e) Artist—write the artist(author) : “Charles Harrington Elster” in my case

f)  Track#: leave the box black, but tick the box in front of it. This will remove all the old track numbers stored in the files.


Note that deleting the track number is necessary only if you find it offending. If the the track numbers are properly set, they are great assets actually. So, the first thing is to try to synchronize the files to your iPhone and see of the order is good enough. If you find some files misplaced, say the 12th set as 2nd in the order, you need to go and remove the track number of those files (or from all the files). If you find the whole CDx (or a chunk of files) misplaced, probably, the Disk# is the culprit. So, go and remove (fix) it.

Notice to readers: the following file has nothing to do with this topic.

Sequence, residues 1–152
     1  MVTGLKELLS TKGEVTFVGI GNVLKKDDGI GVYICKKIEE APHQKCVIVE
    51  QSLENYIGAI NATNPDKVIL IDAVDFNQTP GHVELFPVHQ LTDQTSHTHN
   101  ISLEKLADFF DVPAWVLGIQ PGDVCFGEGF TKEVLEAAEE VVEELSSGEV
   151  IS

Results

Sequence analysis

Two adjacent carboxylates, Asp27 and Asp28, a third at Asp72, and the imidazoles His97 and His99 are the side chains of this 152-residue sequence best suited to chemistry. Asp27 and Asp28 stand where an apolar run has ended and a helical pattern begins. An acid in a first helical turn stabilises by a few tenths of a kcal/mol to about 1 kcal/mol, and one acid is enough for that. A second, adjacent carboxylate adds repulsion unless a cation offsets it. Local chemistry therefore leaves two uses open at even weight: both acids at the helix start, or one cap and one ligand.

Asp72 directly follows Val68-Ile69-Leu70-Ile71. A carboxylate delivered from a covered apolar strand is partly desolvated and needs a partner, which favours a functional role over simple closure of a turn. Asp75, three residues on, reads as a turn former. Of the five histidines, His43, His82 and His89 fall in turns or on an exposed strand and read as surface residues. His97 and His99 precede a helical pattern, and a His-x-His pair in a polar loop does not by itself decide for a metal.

But, I have found one special advantage in removing track# totally from my files.  If the track#s are removed, the Titles (filenames) of the files  will be clearly visible in my iPod; otherwise, the iPod will be showing me only the track numbers (as 3 of 20). Being able to read the titles is actually good idea b/c you will be able to read in which chapter, section or subsection you are in, how the sections/chapters are organized enhancing your  comprehension; you can also easily skip the  chapter/topic that you are not interest in ; or just jump forth to the sections of your special interest. When I was listening  Bertrand Russel’s classic, “The History of Western Philosophy”, I had been skipping some of the sections about certain specific philosophers such as Hume and Descartes because I already heard (read) enough about them, targeting on less known ones helps me to get new ideas. The following picture is snapped from MM’s window. The names and numbers under Title column (marked Blue) will be visible in my iPhone. If I had no the Track# removed and hence  the Titles invisible in my iPod, I wouldn’t be able to see which section is about which philosopher, hence, forced to listen every section.